What You Need To Know About Applying For Medicare When You Are 65
Most people believe that enrolling in Medicare when you are 65 is simple and straightforward. However, depending on the circumstances, this may not be the case. For example, if someone continues to work when they turn 65 or if they have health insurance under their spouse, that can complicate things. Below are some things to keep in mind if you are almost 65 and wondering about signing up for Medicare and also don’t forget that you can visit https://www.medicareadvantageplans2020.org to get more information.
- If you are already receiving Social Security retirement benefits, a Medicare card will be automatically sent to you three months before your 65th birthday. You will be enrolled in Medicare Part A and Medicare Part B. Part B will now follow the instructions we sent you and send the card back to Social Security.
- If you are still working, you will not automatically enroll in Medicare when you are 65. If you want Medicare, you should contact your Social Security Administration to apply.
- You have 7 months to register for Medicare, beginning 3 months prior to your birthday month and 3 months after your birth day.
- If you are still working and your employer employs more than 20 people, Medicare B may not be required immediately. Get in touch with your human resources. representative for more information.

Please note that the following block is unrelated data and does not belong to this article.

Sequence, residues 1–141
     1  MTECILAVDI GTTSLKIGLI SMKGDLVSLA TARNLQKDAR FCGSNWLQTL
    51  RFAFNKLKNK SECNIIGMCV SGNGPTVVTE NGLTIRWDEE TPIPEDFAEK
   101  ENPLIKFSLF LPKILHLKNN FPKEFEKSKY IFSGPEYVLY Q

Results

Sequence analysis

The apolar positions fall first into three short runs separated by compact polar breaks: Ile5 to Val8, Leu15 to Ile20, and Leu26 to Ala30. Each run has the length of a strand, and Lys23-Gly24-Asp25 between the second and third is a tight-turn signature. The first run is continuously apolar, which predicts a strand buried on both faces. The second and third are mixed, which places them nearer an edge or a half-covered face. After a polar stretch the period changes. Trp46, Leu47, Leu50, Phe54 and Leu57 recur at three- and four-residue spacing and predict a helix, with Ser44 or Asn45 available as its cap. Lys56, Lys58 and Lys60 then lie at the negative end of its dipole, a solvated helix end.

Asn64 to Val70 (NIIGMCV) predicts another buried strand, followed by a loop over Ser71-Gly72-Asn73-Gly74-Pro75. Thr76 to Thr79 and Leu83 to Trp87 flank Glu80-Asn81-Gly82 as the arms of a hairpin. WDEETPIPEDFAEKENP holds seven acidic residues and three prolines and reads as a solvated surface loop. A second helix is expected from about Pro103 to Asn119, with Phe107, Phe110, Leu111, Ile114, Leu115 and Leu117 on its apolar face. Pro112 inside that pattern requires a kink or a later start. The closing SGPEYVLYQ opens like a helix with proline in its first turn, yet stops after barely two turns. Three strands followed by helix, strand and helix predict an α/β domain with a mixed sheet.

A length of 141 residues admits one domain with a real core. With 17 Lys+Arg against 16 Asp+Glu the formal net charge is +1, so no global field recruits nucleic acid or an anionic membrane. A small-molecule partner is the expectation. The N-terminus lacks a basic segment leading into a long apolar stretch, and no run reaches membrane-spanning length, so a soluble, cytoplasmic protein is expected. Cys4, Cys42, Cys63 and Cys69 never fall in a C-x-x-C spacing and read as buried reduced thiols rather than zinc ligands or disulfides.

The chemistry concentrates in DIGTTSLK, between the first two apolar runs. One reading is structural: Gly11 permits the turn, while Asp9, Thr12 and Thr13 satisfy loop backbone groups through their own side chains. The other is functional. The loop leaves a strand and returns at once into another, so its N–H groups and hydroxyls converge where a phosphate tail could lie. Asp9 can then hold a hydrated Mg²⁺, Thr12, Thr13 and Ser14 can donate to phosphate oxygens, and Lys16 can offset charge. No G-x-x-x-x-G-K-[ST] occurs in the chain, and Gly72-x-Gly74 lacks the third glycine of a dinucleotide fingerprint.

- If you stop working and have a retirement plan through your employer, you must enroll in Medicare Part B.
- Medicare A and Medicare B do not cover all services 100%. Generally, you will need a Medicare supplement plan or a Medicare Advantage plan to help cover some of the costs not covered by Medicare. Medicare supplement plans and Advantage plans are private insurance plans.
- Medicare Advantage plans are also known as Medicare Part C. You are eligible to choose and apply for a Medicare Advantage plan at the time you are eligible for Medicare. You can join the seven-month period that starts 3 months prior to your birth month and three months after your birthday month.
- You are also eligible to enroll in a Medicare supplement plan at the time you are eligible for Medicare. You have a six-month period to enroll in a supplemental plan, starting the month you are 65 and/or when you are eligible for Medicare Part B.
- You should not have a Medicare supplement plan and a Medicare Advantage plan at the same time. You will have to choose one or the other.
- Medicare Part D is the prescription drug plan. You will not automatically be enrolled in the Medicare Part D plan. You must enroll in a Medicare Advantage plan (which includes drug coverage) or an independent plan that offers only Part D of Medicare.